There was, at the turn of the century, a custom of referring to the wife of the acknowledged head of a wealthy family as the Mrs. So-and-so, and McAllister focused on gaining and keeping the patronage of the Mrs. Astor.
Caroline Schermerhorn Astor had inherited and married money. Intelligent and hard-working, today she would undoubtedly be a corporate CEO. As it was, being a creature of both her time and extraordinary ambition, she focused her energy and abilities on becoming the acknowledged first lady of New York’s social elite. She and McAllister were allies, not friends (Mrs. Astor had no intimates). He extravagantly called her “the Mystic Rose,” after the heavenly figure in Dante’s Paradise around whom all in Paradise revolve.
In 1872, McAllister founded the Society of Patriarchs, a committee of 25 “representative men of worth, respectability, and responsibility” enjoying Mrs. Astor’s support, to unite old and acceptable new rich in conducting each season’s “most brilliant balls.” Invitations, being difficult to obtain, became highly desirable, ensuring that anyone “repeatedly invited to them had a secure social position.” Thus, they became the event of the social year. By the 1880s, McAllister, supported by Mrs. Astor, dominated the management committees of most of the society balls. Thus they largely determined who was in and out.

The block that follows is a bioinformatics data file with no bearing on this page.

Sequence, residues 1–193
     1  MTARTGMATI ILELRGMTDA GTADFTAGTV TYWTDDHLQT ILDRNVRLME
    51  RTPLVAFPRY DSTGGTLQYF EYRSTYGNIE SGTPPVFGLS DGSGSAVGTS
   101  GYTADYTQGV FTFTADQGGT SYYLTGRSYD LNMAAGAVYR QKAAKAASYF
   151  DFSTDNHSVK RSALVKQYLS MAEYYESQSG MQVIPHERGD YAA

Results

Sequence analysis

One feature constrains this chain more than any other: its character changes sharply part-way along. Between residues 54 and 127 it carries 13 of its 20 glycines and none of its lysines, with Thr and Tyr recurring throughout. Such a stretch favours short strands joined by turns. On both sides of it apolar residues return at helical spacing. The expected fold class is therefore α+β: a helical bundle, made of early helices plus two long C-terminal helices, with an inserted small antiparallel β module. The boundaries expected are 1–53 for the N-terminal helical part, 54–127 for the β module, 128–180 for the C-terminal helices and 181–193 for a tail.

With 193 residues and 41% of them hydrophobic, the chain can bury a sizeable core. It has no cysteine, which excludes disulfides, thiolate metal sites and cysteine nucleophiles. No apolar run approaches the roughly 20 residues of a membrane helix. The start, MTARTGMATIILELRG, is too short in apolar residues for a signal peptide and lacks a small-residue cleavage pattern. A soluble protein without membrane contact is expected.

Pride goeth before a fall, and McAllister undid himself. On March 24, 1888, he told The New York Tribune that:
There are only about four hundred people in fashionable New York Society. If you go outside that number you strike people who are either not at ease in a ballroom or make other people not at ease… who have not the poise, the aptitude for polite conversation, the polished and deferential manner, the infinite capacity of good humor and ability to entertain or be entertained that society demands.
The reporter had McAllister define Society as “The Four Hundred,” which he admitted was also the capacity of Mrs. Astor’s ballroom.
Yet he hadn’t named names. That happened after four years of titillating the press and the public, on the occasion of Mrs. Astor’s ball of February 1, 1892. He named 319 men, including himself, in a list consisting largely of bankers, lawyers, brokers, real estate men, and rail barons. Some resented the publicity that made them celebrities. Their resentment was nothing beside the volcanic rage of those omitted.